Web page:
Thanks for the help and support blokes, this site is "EXCELLENT"
Graham
 

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Discussion Starter · #16 ·
Markat425, Thanks for the link, I have just spent 2 hours reading it from one end to the other.
It's amazing to see that some of you blokes are still using these older harvesters. Its a misconception out here in Australia that they were all retired in the US years ago. Its nice to know some of you have the same attitude to a good machine as what I have even if it does have a few seasons on the clock .
Looking forward to harvest even more now,
Graham
 

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Discussion Starter · #18 ·
G'Day Stevo,
Gee you can't hide on the net can you ! I think I have been found out by another sandgroper on every site I have ever registered on, great thing the net !

I am in Quairading just under 100 miles due east of Perth, Where abouts "up in the northern wheatbelt" are you ? Things are looking good around here, its been the wettest year we have had here since the 60s and the crops are looking real good. Out the other side of town its a bit dryer but still not too bad, all in all we would be happy if it weren't for the price, thats looking a bit sad.
Nice hearing from another Groper,
Graham
 

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Discussion Starter · #24 ·
We did actually go and look at a 9500 with 3500 hours up before we looked at the 8820 only problem is $$$$, its about 5 times the price. I know the owners of both machines quite well and no doubt about it the 9500 is a top machine and the owner is exceptionally good with his maintainance, but he isn't shure when he wants to part with it because at the moment he hasn't secured a replacement and we needed one for this harvest. The 8820 on the other hand is available now for a lot less dough, the owner through family berevement is selling most of the farms machinery, he only got the machine a couple of years ago and hasn't had any trouble with it so we have now officialy bought it. (havn't given him the cheque yet but have shaken on it so the deal is done)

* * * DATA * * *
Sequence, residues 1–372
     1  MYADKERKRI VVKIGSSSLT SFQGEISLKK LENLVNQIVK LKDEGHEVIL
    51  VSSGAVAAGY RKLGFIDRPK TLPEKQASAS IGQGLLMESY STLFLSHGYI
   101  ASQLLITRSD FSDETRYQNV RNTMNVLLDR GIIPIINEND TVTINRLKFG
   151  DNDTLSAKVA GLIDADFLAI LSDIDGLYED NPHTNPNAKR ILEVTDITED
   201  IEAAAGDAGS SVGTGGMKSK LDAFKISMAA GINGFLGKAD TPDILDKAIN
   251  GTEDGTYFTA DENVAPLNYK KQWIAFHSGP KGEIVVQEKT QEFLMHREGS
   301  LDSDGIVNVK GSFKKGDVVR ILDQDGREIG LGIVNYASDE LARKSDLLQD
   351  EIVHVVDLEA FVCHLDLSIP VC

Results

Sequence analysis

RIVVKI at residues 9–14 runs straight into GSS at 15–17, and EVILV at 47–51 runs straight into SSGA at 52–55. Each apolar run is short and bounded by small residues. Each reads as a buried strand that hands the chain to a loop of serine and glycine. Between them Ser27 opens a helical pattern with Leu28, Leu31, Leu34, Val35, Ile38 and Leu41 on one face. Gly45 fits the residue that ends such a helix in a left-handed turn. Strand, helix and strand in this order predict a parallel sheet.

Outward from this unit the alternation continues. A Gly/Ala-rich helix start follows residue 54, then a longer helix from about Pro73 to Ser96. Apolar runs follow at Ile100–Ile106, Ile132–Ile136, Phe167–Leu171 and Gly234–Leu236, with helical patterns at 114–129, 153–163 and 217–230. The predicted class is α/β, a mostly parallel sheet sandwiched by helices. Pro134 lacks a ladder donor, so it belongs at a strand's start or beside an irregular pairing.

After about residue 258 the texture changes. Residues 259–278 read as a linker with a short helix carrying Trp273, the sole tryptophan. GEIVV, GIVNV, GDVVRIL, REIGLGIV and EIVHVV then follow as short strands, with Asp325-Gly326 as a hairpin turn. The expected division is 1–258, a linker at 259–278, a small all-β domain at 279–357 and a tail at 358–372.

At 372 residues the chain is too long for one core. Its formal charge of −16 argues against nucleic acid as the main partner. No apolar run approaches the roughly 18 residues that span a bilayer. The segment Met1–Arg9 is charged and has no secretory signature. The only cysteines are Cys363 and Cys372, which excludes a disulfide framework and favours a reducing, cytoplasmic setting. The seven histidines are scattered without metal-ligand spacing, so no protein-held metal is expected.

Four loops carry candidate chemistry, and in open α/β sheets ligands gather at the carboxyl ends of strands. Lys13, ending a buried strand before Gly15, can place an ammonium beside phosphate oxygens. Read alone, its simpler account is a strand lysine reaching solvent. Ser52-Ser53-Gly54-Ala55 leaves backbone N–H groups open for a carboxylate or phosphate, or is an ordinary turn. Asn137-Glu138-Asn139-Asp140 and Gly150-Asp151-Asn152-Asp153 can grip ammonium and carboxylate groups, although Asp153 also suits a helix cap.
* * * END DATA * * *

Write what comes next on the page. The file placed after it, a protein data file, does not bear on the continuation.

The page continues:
**20titan2 , Thanks for that thread and all the pics of your ongoing project, it shure looks a lot better than when it was sitting "in the weeds at the back of the dealers". There is a lot of information in that thread and I read it from one end to the other, well done she is a beauty now.

Stevo, its funny one of the harvesters we are using now came from up your way. It belonged to a bloke named Jim Bodington at Yandanooka, I remember well picking up this old XP88 from between Mingenew and Threesprings and driving it home to Quairading, took us 2 days to cover the 500Klm but its been a good machine. I used to have a mate with a farm at Canna for a few years and one of the reasons I like Johnny harvesters is Les had a 7720 and except for trying to "harvest" a power poll with it while he was doing lupins (something you cant blame the harvester for) I don't think he had any trouble with it at all.

Thanks guys,
See ya,
Graham
 

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Discussion Starter · #27 ·
Yea, we all laughed when we heard about it but it realy wasn't funny. He recons he knew there was a pole there somewhere and was looking all around the end of the front for it and consiquently wasn't watching directly in front ! He was going down wind in lupins with visibility next to nothing because of the dust. It hit about level with one side of the broad elevator with enough force to push the knife back into the spiral, the knife ended up wrapped around the spiral by the retractable fingers. It didn't hurt the rest of the machine (which was amazing) and he was able to borrow a front to finnish with off one of his neighbours. It ended up getting fixed and he used it again the following year.